Northwest India (northwest + india)

Distribution by Scientific Domains


Selected Abstracts


An attenuation model for distant earthquakes

EARTHQUAKE ENGINEERING AND STRUCTURAL DYNAMICS, Issue 2 2004
Adrian Chandler
Abstract Large magnitude earthquakes generated at source,site distances exceeding 100km are typified by low-frequency (long-period) seismic waves. Such induced ground shaking can be disproportionately destructive due to its high displacement, and possibly high velocity, shaking characteristics. Distant earthquakes represent a potentially significant safety hazard in certain low and moderate seismic regions where seismic activity is governed by major distant sources as opposed to nearby (regional) background sources. Examples are parts of the Indian sub-continent, Eastern China and Indo-China. The majority of ground motion attenuation relationships currently available for applications in active seismic regions may not be suitable for handling long-distance attenuation, since the significance of distant earthquakes is mainly confined to certain low to moderate seismicity regions. Thus, the effects of distant earthquakes are often not accurately represented by conventional empirical models which were typically developed from curve-fitting earthquake strong-motion data from active seismic regions. Numerous well-known existing attenuation relationships are evaluated in this paper, to highlight their limitations in long-distance applications. In contrast, basic seismological parameters such as the Quality factor (Q -factor) could provide a far more accurate representation for the distant attenuation behaviour of a region, but such information is seldom used by engineers in any direct manner. The aim of this paper is to develop a set of relationships that provide a convenient link between the seismological Q -factor (amongst other factors) and response spectrum attenuation. The use of Q as an input parameter to the proposed model enables valuable local seismological information to be incorporated directly into response spectrum predictions. The application of this new modelling approach is demonstrated by examples based on the Chi-Chi earthquake (Taiwan and South China), Gujarat earthquake (Northwest India), Nisqually earthquake (region surrounding Seattle) and Sumatran-fault earthquake (recorded in Singapore). Field recordings have been obtained from these events for comparison with the proposed model. The accuracy of the stochastic simulations and the regression analysis have been confirmed by comparisons between the model calculations and the actual field observations. It is emphasized that obtaining representative estimates for Q for input into the model is equally important.Thus, this paper forms part of the long-term objective of the authors to develop more effective communications across the engineering and seismological disciplines. Copyright 2003 John Wiley & Sons, Ltd. [source]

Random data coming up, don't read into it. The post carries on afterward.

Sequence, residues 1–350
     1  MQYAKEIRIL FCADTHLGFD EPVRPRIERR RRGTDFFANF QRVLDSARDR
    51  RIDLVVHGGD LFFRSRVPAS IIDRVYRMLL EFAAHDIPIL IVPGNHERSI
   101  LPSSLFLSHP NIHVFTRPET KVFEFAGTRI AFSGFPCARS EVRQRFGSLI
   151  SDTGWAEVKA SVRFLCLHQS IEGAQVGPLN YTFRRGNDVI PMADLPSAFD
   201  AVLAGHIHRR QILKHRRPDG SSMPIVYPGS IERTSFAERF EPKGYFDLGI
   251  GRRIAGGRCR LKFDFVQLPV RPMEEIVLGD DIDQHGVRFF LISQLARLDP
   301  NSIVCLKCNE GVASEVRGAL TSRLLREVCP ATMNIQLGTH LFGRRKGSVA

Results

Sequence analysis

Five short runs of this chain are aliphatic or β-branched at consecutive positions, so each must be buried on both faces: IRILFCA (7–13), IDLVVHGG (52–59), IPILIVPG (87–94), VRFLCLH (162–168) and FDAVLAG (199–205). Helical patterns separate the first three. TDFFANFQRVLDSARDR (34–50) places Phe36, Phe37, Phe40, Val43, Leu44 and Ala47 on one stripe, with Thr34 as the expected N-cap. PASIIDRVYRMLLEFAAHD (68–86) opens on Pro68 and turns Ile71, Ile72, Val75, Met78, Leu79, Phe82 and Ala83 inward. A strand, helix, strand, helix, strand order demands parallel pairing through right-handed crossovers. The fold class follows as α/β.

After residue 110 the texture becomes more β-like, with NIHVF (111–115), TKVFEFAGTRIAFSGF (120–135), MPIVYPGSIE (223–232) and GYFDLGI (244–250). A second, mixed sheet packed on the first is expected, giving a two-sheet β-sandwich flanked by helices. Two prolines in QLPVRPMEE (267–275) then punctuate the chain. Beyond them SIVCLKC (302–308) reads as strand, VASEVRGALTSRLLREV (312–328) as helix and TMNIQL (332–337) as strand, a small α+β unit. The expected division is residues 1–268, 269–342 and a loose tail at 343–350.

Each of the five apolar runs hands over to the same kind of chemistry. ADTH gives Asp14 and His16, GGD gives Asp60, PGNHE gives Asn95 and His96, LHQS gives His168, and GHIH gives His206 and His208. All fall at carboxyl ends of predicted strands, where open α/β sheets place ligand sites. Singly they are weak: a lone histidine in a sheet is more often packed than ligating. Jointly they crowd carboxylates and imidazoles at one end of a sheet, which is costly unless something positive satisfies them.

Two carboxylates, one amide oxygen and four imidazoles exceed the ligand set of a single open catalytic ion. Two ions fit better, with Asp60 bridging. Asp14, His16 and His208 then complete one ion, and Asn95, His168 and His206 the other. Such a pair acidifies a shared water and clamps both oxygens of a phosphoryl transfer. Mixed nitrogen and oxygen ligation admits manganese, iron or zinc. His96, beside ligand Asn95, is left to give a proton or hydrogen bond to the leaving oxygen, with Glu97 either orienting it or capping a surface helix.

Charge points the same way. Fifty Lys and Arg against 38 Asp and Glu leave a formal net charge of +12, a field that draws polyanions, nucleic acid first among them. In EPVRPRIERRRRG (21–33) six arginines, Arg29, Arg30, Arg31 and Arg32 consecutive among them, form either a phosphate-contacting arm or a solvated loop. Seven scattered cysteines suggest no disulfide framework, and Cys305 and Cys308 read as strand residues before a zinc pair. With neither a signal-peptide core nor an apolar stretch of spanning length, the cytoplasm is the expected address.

Discovery of Jurassic ammonoids from the Shyok suture zone to the northeast of Chang La Pass, Ladakh, northwest India and its tectonic significance

ISLAND ARC, Issue 1 2007
Masayuki Ehiro
Abstract Callovian (late Middle Jurassic) ammonoids Macrocephalites and Jeanneticeras were recovered from the Shyok suture zone, northeast of Chang La Pass, Ladakh, northwest India. They are the first reliable Jurassic fossils and the oldest chronologic data from the Shyok suture zone. The ammonoid-bearing Jurassic strata, newly defined as the Tsoltak Formation, consist largely of terrigenous mudstone with thin sandstone beds and were probably a part of the continental basement to the Cretaceous Ladakh Arc. [source]


The use of coal fly ash in sodic soil reclamation

LAND DEGRADATION AND DEVELOPMENT, Issue 3 2003
D. Kumar
Abstract An experiment was conducted for two years in northwest India to explore the feasibility of using coal fly ash for reclamation of waterlogged sodic soils and its resultant effects on plant growth in padi,wheat rotation. The initial pH, electrical conductivity, exchangeable sodium percentage and sodium adsorption ratio of the experimental soil were 9.07, 3.87,dS,m,1, 26.0 and 4.77 (me l),1/2, respectively. The fly ash obtained from electrostatic precipitators of thermal power plant had a pH of 5.89 and electrical conductivity of 0.88,dS,m,1. The treatments comprised of fly ash levels of 0.0, 1.5, 3.0, 4.5, 6.0 and 7.5 per cent, used alone as well as in combination with 100, 80, 60, 40, 20 and 10 per cent gypsum requirement of the soil, respectively. There was a slight reduction in soil pH while electrical conductivity of the soil decreased significantly with fly ash as measured after padi and wheat crops. The sodium adsorption ratio of the soil decreased with increasing fly ash levels, while gypsum treatments considerably added to its favourable effects. Fly ash application increased the available elemental status of N, K, Ca, Mg, S, Fe, Mn, B, Mo, Al, Pb, Ni, Co, but decreased Na, P and Zn in the soil. An application of fly ash to the soil also increased the concentrations of above elements except Na, P and Zn in the seeds and straw of padi and wheat crops. The available as well as elemental concentrations in the plants was maximum in the 0 per cent fly ash,+,100 per cent gypsum requirement treatment except Na and heavy elements like Ni, Co, Cr. The treatment effects were greater in the fly ash,+,gypsum requirement combinations as compared to fly ash alone. Saturated hydraulic conductivity and soil water retention generally improved with the addition of fly ash while bulk density decreased. Application of fly ash up to 4.5 per cent level increased the straw and grain yield of padi and wheat crops significantly in both years. The results indicated that for reclaiming sodic soils of the southwest Punjab, gypsum could possibly be substituted up to 40 per cent of the gypsum requirement with 3.0 per cent acidic fly ash. Copyright 2003 John Wiley & Sons, Ltd. [source]